Yet both arguments are flawed. During the Great Depression and World War II, America’s debt staggeringly increased due to the proto-Keynesian policies of the New Deal combined with the tremendous cost of financing a world war. American debt during peacetime has historically never even come close to the level we see today. Post-1945, the government rapidly repaid its creditors (mostly American citizens who had bought small war bonds) so that debt-to-GDP stayed comfortably under 30% until the early 1980’s. In the case of Japan, nearly a quarter of government expenditure is devoted to servicing the debt. And ratings agencies across the world have downgraded Japanese debt over the years, further increasing the cost of borrowing. Indeed, at a time when Japan requires economic stimulus to finally propel them out of deflation and low growth, the cost of their debt is undeniably holding the nation back.

In the short term, increasing spending while cutting taxes might help Republicans with political popularity before the 2018 midterms, but this type of fiscal policy will deliver a minor boost in growth while driving up inflation and interest rates. Over the next 10 years, the government will need to borrow 14% of the value of our GDP to pay for these expensive new programs. That’s not exactly much bang for our buck.

In the long term, recklessly borrowing pushes us towards a confidence crisis in our government’s ability to pay people back. There is no fixed point at which investors lose faith in US bonds, but in Greece this crisis occurred at around 180% of debt-to-GDP. Most scarily, in the case of the European debt crisis, nations such as Portugal, Spain, Italy, Greece, and Ireland all had austerity forced upon them exactly when their economies required massive economic stimulus, not huge cuts in spending. Once individuals no longer trust the American government will repay them, the US could be faced with a debt crisis and investor-imposed austerity at the worst possible time.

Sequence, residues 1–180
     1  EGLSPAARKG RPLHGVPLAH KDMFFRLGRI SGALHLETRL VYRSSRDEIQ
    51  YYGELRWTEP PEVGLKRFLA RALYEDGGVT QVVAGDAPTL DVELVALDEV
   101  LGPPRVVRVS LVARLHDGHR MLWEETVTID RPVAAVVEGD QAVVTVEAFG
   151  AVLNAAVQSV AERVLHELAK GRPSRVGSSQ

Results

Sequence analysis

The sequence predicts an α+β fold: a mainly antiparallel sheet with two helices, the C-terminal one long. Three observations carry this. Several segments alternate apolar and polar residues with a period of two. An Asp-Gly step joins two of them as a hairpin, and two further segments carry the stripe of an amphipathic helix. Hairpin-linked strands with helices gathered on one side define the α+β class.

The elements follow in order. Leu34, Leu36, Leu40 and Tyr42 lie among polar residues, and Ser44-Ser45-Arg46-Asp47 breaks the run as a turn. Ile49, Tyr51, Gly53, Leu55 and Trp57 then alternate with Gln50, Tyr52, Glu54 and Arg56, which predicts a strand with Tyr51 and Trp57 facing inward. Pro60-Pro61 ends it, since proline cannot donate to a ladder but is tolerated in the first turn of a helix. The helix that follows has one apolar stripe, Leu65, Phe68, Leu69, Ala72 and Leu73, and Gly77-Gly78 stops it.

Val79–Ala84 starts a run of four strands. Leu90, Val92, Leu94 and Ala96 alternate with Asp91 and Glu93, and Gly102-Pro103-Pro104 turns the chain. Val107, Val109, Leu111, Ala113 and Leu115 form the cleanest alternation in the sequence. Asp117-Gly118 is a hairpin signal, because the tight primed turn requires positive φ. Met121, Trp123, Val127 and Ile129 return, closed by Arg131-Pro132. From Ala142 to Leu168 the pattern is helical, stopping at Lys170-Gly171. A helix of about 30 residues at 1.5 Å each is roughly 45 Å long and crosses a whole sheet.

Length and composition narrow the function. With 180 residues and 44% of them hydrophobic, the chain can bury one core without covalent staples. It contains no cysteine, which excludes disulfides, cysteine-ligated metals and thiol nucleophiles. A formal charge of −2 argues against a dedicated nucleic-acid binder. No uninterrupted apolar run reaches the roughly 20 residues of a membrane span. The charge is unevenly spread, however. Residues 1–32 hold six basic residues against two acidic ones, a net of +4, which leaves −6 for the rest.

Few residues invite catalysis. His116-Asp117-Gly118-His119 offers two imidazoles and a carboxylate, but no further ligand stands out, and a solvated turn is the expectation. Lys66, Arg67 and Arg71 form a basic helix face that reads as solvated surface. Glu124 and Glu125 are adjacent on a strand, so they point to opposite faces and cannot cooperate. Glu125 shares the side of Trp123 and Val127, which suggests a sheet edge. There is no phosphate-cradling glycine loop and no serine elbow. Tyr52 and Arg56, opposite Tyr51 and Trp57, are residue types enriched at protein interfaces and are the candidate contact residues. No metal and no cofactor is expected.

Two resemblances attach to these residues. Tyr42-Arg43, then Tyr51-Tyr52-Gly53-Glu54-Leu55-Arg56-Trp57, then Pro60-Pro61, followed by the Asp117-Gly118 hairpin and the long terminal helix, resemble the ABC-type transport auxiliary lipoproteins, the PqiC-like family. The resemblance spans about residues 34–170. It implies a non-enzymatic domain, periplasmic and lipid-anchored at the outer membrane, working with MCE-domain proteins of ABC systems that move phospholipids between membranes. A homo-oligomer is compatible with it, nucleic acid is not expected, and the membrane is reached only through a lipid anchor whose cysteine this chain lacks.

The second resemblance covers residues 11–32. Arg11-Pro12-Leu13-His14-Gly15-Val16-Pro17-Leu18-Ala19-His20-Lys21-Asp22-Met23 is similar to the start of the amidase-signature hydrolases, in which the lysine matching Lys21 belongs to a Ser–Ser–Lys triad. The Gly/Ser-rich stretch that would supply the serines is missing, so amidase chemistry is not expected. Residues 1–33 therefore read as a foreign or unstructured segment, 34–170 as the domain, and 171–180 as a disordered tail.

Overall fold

And continuously issuing trillions in bonds creates artificial demand for the dollar, thereby creating a systemic undervaluation of foreign currencies like China’s Yuan. For an administration supposedly concerned about the trade deficit, it is certainly ironic that Trump has pursued policies so beneficial to China’s exporters. The American people will have Congress to thank for the victory of short-term political gimmicks over long-term economic health.  

When the next recession hits, will the world’s investors have enough faith in our fiscal stability to once again loan us trillions of dollars at favorable interest rates? At what point do people stop believing that American government treasuries are the safest in the world? As our debt rockets past 100% of GDP, when will we finally consider the ramifications of our actions? Congress continues to ignore Mr. Keynes, spending both with and against the wind. Surely to follow is at best economic malaise, and at worst economic calamity.

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Disclaimer: The views published in this journal are those of the individual authors or speakers and do not necessarily reflect the position or policy of The Berkeley Economic Review staff, the Undergraduate Economics Association, the UC Berkeley Economics Department and faculty,  or the University of California at Berkeley in general.